As my son pointed out, “Sometimes experiments fail.” Well, luckily, I think this one worked!
I had quite a few turnips from my CSA. The only way I’ve ever had turnips is roasted in big chunks and I didn’t like them like that. But I do like thin, crispy starchy things with butter sooooo….
I peeled and sliced the turnips into quarter moons if the turnips were huge or half moons if they were smaller. I put some olive oil in my cast iron pan and then started layering them around. After one layer I put some dots of butter and some thinly sliced shallots. Then I layered some more turnips and then topped that with rosemary, butter, and pepper.
I cooked it, covered, on the stovetop on medium heat until the bottom started to brown. Then I put it, uncovered, in a 400° oven for, well, too long for most people, but good for us…until the bottom was almost black. I thought it was great! Hubby was lukewarm on the dish but I really liked it.
I served it with Herb-Roasted Chicken and a salad. I’d just picked up both my veggie CSA box and my CSA chickens so what else were we going to have for dinnner?!?
Along with it I had a beautiful 2008 Robert Denogent St. Véran les Pommards white wine. Everything came together beautifully.
Thursday, April 7th, 2011
One night I opened the fridge to find a wilted (but not rotten) 1/2 bunch of cilantro, some ginger and not much else. I had a rib-eye in the freezer. I always have garlic, shallots, onions in the drawer and chiles from my dad’s garden in the freezer. I threw what I had in the food processor and made this dish that turned out FREAKING amazing. Unfortunately, I didn’t write down what I did.
That’s why I have this site, if I didn’t post my recipes, I could never reproduce anything I cook! So, I tried to remember what I did. And I elaborated on it with the extra items in my fridge (greens and mushrooms). It, once again, was so delish. And I took notes. Having totally improvised this though, I left it open to interpretation with the recipe title.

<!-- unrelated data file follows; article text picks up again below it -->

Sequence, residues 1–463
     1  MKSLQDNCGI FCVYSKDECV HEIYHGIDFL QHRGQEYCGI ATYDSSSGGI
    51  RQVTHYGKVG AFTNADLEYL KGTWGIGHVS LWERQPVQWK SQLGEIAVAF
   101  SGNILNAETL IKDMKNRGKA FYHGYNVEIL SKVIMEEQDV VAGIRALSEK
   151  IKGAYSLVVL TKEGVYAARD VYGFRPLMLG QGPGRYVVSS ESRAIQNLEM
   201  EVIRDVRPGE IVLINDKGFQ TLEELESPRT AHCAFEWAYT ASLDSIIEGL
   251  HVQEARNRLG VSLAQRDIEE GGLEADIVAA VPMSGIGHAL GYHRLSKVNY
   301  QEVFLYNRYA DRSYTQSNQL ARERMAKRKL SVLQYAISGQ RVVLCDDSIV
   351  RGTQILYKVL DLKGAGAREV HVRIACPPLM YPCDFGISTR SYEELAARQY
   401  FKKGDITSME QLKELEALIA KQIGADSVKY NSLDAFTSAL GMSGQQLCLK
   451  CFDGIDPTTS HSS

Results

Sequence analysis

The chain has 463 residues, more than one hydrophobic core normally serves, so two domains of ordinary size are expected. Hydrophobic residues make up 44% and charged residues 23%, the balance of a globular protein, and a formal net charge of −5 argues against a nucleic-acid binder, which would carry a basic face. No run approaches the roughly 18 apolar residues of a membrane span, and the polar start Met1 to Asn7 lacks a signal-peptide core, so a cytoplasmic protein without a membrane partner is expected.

Recipe: Asian Beef with Stuff
- 2T soy sauce
- 2T fish sauce
- 3T canola oil
- Handful of cilantro (stems and all)
- 2t peppercorns
- 3 cloves garlic
- 1T brown sugar
- 2 inches ginger (peeled and roughly chopped)
- 2-3 small chiles
- ~1lb of your favorite cut of beef (I usually use rib eye)
- Big pile of saute greens
- 1 c. chopped shiitakes
- 2 shallots thinly sliced
- Put all the marinade ingredients in a food processor or blender. Zap until it’s a soupy paste. Pour that over your steak(s). Let that sit for as long as you have. In the fridge if you have a long time. If I have an hour or less, I let it sit on the counter, covered.
- Once you’re ready to cook, shake some of the marinade off the steak(s) and cook them on the stovetop until it’s the desired doneness. I like mine still mooing. Remove the steak and let it rest on a cutting board.
- Add shiitakes and greens to the pan with a little water, if needed, to loosen the crusty steak-bits. Cook for a couple of minutes then pour in the remaining marinade. Toss once in a while until mushrooms and greens are cooked.
- Remove mushrooms and greens from the pan, squeezing them with tongs or slotted spoon to remove as much of the liquid/sauce as you can. Set aside.
- Add sliced shallots to pan and reduce the remaining sauce.
- When it’s the sauce syrupy and, well, saucy, thinly slice your steak and toss it back into the sauce.
- To serve, put a mound of rice, a scoop of greens/mushrooms and top with the beef.
I can’t decide if the shiitakes worked or not. Try it both ways and let me know!
Number of servings (yield): 2
Meal type: dinner
Microformatting by hRecipe.